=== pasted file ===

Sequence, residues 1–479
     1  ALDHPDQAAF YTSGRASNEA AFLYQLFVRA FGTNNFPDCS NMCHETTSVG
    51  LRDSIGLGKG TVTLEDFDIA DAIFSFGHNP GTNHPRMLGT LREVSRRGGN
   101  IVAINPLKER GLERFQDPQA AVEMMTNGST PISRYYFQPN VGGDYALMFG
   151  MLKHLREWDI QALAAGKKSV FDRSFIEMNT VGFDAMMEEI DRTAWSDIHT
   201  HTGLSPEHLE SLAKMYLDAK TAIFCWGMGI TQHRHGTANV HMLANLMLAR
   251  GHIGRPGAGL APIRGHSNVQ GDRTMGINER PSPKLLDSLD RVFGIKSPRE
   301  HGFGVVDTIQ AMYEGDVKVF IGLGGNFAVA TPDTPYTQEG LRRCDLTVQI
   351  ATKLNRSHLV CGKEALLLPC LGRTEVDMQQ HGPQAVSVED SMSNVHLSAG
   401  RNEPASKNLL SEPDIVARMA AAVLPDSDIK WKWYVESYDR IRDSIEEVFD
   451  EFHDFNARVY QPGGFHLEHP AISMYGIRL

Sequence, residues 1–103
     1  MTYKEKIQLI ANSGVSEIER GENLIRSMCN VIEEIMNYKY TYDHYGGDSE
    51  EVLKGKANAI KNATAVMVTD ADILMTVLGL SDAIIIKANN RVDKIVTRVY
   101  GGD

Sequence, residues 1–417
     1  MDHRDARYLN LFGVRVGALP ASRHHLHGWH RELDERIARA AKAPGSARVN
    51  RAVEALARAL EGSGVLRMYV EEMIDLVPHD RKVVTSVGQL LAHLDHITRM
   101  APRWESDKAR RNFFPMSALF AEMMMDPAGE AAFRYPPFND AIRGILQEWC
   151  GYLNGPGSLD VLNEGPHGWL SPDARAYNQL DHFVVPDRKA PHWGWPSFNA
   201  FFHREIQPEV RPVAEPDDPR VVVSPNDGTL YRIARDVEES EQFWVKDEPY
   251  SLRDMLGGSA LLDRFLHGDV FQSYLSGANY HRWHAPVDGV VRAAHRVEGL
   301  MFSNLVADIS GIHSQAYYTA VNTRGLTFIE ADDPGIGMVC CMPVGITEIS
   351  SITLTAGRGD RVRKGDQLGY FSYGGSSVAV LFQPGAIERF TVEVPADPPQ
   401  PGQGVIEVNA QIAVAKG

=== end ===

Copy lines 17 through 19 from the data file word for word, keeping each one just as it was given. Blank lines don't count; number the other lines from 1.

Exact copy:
     1  MDHRDARYLN LFGVRVGALP ASRHHLHGWH RELDERIARA AKAPGSARVN
    51  RAVEALARAL EGSGVLRMYV EEMIDLVPHD RKVVTSVGQL LAHLDHITRM
   101  APRWESDKAR RNFFPMSALF AEMMMDPAGE AAFRYPPFND AIRGILQEWC